Monthly Archives: December 2006

Age of Innocence

A few nights ago, I was watching television when an MTV video came on . I can’t recall who the singer was but she was dressed in very little. I was about to switch channels when Athos looked up from the book he was reading and said, “Mommy turn off the TV.”

So I did. “Why?” I asked.

His reply? “Because that girl is wearing only her booby clothes.”

Bless his little heart….


Waxing Lyrical About My Christmas Books

I just had to rave about two of the best Christmas presents I received this year. Both are books.

The first is Framed!: A Baby Blues Treasury a collection of Baby Blues comic strips. I love Baby Blues because Jerry Scott and Rick Kirkman get the issues, impact and insanity of parenting spot-on, and do a brilliant job of making them funny. Virtually every strip has me at least nodding in agreement, if not smiling or laughing out loud.

The second is Maya Angelou’s Hallelujah! The Welcome Table: A Lifetime of Memories with Recipes. Oh that all cookbooks were written this way! It’s a hybrid between a regular recipe book and a collection of Maya Angelou’s life stories. Each tale is told in a folksy earthy style, features food as a central character, and is accompanied by the respective recipes. Her descriptions had me wishing I was a guest at the table, and inspired me enough to cook dinner!

NYDC – Great Dessert, Pity About the Smell

Grandpa took the kids for the afternoon so Pilgrim Dad and I had a date!

After a homecooked dinner of pasta (inspired by Maya Angelou’s absolutely wonderful book), we went to NYDC at Holland Village for dessert. Pilgrim Dad and I are big fans of the cheesecake there – Ally’s New York Cheesecake for him, anything with chocolate for me. It’s also a young place, both in terms of staff and clientele. Helps us temporarily forget that we are 30something parents of three.

I gotta say though, that the ambience left a great deal to be desired. The airconditioning was way too cold (a common problem in Singapore buildings, particularly on rainy days), and the ventilation was so bad that there was a perceptible fog when we stepped in, and we smelt like overworked kitchenhands when we stepped out!

Viscosity For Kids

Inspired by a Science Centre exhibit which showed the way bubbles travelled through columns filled with different substances (water, oil and silicone), we tried our own viscosity experiment at home. We got ready some water, oil, condensed milk and honey, and the kids took turns to scoop up a spoonful and predict how quickly the stuff would pour out. Because all the liquids are familiar to them, they got the answers quite quickly, and now viscosity is simply a phenomenon they had known all along, but that now has a name!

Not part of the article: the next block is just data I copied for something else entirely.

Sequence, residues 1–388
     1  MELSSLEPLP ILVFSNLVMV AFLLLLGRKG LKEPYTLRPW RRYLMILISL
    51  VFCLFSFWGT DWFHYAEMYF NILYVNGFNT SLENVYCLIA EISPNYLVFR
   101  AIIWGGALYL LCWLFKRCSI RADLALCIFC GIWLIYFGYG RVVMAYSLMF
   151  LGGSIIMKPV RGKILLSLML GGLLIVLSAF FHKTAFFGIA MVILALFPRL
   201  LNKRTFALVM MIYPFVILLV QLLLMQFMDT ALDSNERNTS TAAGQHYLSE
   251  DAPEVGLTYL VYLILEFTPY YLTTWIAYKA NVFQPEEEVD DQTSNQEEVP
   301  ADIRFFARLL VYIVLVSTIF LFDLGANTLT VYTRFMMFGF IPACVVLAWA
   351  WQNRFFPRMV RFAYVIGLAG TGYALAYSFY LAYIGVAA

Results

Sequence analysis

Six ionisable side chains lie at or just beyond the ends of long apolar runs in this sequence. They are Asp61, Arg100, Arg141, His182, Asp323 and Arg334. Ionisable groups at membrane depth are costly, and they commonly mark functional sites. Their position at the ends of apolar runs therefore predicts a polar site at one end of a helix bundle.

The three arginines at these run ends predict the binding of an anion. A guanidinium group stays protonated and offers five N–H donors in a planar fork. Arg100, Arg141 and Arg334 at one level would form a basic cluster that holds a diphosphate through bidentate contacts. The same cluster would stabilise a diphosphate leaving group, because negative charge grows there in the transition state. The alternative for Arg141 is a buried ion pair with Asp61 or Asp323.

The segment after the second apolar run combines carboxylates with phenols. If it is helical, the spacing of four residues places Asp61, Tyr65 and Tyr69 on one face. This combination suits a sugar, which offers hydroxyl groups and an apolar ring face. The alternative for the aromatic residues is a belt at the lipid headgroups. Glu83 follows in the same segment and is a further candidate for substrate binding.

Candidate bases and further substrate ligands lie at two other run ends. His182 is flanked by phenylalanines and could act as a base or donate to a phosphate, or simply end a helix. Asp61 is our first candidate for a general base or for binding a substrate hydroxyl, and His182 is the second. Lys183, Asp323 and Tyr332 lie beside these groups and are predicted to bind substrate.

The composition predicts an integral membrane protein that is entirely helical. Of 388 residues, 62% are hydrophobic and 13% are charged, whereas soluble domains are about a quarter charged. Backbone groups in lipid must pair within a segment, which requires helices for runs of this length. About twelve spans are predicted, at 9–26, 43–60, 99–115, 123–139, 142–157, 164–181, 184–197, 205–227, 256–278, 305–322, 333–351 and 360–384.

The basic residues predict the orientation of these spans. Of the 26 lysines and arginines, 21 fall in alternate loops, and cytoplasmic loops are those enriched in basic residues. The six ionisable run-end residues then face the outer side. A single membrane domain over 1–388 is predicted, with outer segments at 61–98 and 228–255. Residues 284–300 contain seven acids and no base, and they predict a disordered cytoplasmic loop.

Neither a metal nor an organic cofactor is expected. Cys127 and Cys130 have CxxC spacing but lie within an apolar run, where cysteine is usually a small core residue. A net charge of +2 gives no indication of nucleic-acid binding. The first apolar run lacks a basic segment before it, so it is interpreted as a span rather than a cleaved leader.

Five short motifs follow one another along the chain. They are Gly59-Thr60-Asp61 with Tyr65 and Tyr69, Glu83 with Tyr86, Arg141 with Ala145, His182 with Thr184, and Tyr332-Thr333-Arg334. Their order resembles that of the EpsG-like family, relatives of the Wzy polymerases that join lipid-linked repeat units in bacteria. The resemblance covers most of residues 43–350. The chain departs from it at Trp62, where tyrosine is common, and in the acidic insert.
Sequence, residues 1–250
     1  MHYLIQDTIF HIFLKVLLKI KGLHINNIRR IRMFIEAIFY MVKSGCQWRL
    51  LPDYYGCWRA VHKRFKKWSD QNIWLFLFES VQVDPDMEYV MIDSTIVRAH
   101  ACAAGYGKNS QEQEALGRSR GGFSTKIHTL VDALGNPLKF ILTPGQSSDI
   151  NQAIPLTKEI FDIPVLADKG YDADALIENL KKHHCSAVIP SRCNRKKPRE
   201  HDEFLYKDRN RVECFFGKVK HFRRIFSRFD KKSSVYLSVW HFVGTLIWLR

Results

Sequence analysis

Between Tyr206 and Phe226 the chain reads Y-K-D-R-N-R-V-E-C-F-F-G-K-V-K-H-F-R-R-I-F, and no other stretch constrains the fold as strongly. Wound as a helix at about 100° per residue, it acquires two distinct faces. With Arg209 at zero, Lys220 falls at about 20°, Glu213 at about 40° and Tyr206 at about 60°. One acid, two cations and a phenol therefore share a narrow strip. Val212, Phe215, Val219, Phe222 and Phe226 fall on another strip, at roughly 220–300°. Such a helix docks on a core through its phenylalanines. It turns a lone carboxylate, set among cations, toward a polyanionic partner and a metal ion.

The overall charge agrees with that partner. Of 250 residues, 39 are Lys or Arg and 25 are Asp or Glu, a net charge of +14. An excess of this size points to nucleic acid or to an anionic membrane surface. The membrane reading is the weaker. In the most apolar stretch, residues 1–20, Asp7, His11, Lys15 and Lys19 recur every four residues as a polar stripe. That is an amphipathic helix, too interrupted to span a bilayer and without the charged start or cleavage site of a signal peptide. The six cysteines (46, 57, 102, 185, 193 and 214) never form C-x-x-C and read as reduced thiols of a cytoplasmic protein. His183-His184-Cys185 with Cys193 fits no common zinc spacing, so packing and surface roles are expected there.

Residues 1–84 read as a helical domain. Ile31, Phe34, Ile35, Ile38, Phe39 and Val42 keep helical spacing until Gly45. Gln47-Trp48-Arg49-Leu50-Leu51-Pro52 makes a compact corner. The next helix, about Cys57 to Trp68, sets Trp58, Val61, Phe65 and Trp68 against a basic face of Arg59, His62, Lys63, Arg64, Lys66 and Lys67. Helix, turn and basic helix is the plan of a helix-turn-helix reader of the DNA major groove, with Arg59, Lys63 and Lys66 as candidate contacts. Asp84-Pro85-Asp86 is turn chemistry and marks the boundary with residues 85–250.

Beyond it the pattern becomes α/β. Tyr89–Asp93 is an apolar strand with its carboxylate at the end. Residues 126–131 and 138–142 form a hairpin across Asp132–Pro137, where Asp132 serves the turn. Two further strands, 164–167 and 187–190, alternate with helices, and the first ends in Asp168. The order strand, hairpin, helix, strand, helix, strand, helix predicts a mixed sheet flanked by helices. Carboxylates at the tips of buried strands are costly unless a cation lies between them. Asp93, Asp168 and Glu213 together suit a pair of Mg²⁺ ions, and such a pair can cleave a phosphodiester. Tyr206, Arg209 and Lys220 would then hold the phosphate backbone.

Flour Power – License to Mess

Another wet day so the boys got permission to make a mess at home. Athos and Porthos each got:

  • A plastic basin. An essential part of any play collection!
  • A plastic spoon for stirring.
  • A syringe. See this post for more on syringes.
  • A cup of water.
  • A generous scoop of flour. The cheapest brands are Orchid or Prima, both are under $1.50 a kg at NTUC Fairprice. Keeping a bag of plain flour at home comes in handy on rainy days or Mommy-I’m-so-bored afternoons.
  • Food colouring (optional). About a dollar a colour at NTUC Fairprice.

The syringe is a lot of fun to squirt with, and importantly, prolongs playtime by limiting the amount of water they put in at a go. It’s also a good opportunity to learn about mixing colours, the concept of dissolving (“where did the flour go?”), and viscosity (“what happens if I add more water?”).

Here’s Athos working on his dough, and adding in purple colouring.

Flour power 1 Flour power 2 Flour power 3

Here Porthos makes patterns with his dough (which is really more like creamy soup), and adds green colouring.

Flour power 4 Flour power 5






A Mother’s Reflections At Christmas

As far as motherhood goes, this past week was rough. I’m sure there were good, even transcendent, moments, but the ones that really stand out are: Continue reading

Learning About Colours

A few days ago, the kids had a practical lesson in mixing colours. Here’s what we used:

  • Plastic egg cartons. These worked very well – not breakable, and 10 wells which is more than a regular paint palette
  • Food colouring. I have quite a few colours but just the primary colours (blue, yellow and red) will suffice. They cost under a dollar each at NTUC Fairprice.
  • Syringes. Nothing like the freedom to squirt to get the kids excited! Ours are saved from visits to the doctor, when the kids are prescribed medicine.

I filled up a few wells with water, added a touch of colouring to each one, and let the kids loose….